All Instruments: Should have a large repertoire. Interested in the finer points of improvising and experiencing music as a language. Should have a basic knowledge of music theory and realize that an ever expanding knowledge of theory will open more doors to them. Should be striving for more precision and mastery of both the right hand and the fingerboard. Should be able to learn without tablature, to improvise a little and have some understanding of playing up the neck. Should be performing in bands or solo or just on the edge of being able to do so.
Dobro (TM) Players: (Ivan says....) You've probably taken combined intermediate/advanced classes before and felt they moved too slowly. Even if you can't quite do them up to speed, you have many songs in your repertoire, including a few fiddle tunes that require some intricate barring and picking. Hammer-ons and pull-offs aren't a problem, and you've practiced incorporating rolls into your bluegrass solos. Overall, you're starting to sound pretty good when jamming with your friends. You're comfortable playing in open and closed positions, and you're looking to play more interesting music un-capoed in the keys of C, D, Em, Am, etc. You should have several chord triads memorized. The Nashville Number System is old hat, and you can't wait to learn some more practical music theory that will make you a better musician. You'd like to know more-advanced ways of playing Dobro backup and rhythm. In short, you can already play some pretty good music and have a good grasp of what to do with the Dobro, but you want some hands-on instruction to get you to the next level.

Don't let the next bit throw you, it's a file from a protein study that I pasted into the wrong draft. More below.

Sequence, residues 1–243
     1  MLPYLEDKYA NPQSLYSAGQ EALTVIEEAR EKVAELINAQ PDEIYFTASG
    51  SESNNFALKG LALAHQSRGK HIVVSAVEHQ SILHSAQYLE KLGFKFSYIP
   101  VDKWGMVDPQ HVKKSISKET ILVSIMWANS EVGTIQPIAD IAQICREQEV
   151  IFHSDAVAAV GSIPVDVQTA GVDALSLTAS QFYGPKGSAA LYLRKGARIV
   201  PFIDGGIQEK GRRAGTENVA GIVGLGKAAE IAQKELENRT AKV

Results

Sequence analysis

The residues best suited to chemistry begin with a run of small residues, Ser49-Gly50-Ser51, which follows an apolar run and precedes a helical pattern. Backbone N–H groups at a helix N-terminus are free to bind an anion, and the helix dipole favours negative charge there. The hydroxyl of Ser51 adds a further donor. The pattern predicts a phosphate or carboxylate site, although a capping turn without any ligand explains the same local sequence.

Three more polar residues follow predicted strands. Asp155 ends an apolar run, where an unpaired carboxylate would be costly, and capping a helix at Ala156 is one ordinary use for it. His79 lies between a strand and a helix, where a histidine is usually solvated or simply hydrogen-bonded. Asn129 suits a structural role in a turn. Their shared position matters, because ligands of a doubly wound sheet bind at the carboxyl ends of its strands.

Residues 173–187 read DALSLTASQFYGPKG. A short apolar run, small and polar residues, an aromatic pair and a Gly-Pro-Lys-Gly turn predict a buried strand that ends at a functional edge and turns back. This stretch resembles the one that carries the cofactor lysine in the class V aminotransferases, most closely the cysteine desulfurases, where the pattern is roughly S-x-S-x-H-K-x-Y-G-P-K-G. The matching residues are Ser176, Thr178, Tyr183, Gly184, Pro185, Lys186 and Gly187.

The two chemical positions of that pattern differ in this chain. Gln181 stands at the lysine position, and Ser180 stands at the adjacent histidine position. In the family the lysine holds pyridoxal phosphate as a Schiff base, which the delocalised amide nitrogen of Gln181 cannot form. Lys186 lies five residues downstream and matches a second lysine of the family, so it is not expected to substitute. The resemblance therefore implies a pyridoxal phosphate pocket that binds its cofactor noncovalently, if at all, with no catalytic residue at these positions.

Flatpicking: (Both Weeks) Should have a large repertoire or at least 20 tunes minimum but more like 50-500. Of that large repertoire, should be able to play the melody and a variation to all. Possibly play same song in different keys. Should have a strong understanding of chord structures and progressions, movable chords. Should be able to play most songs at speed (200-228 bpm). May be able to play out of positions up the neck.
Mandolin: Should be able to play solos on bluegrass songs. Have some knowledge of double stops. Should be able to jam comfortably with others. Some improvisation skills.
Mandolin according to Don Stiernberg: The advanced mandolin player should be careful not to be better than Don Stiernberg as that would intimidate Don and perhaps hamper his performance with Steve Kaufman which he looks forward to with great relish.
Fiddle: You learn new tunes quickly (by sight reading or by ear). You are comfortable with 3rd position, and may also play in 2nd, 4th and 5th positions. You can back up others in a jam using double stops and chops. You can improvise some leads. You play well with others and are used to jamming at a pretty fast tempo. You play (or can play) double shuffle bowing and Georgia shuffle bowing. You can play a variety of stylistic ornaments like trills, rolls, slides, and drones with 4th finger slide. You are comfortable playing in most keys. You’re an experienced jammer or performer. You can play well at a fast tempo
Fingerstyle: Always keep alternate bass, even with hammers and pulls both on and off the beat, play (and maybe understand) chords up the neck, be familiar with two or more styles (e.g., jazz and country, or folk and blues), should have some ability to improvise while playing solo. You can work out fingerpicking arrangements including bass lines and treble harmonies.
Old Time and Bluegrass Banjo: You are an experienced jammer or performer. You play melodic leads comfortably and at a variety of speeds. You can play with dynamic control. Your rhythm is rock-solid. You can improvise on most any tune or song.
Bass: Your rhythm is rock-solid. You’re an experienced jammer or performer. You understand the theory of the chords you’re backing up. You’re comfortable with many different styles of playing. You can play a walking bass in all keys using closed-position notes.
All Instruments: Should be extremely comfortable with their instrument. Should be able to improvise somewhat melodically in most keys without the sole use of pentatonic or blues scales. Be a theme or melody player with continuity. Should have comprehensive ideas on how music fits together. Should play with compassion and feeling for those around them trying to keep up. Should be able to play what you are thinking, not thinking about what you wish you could play.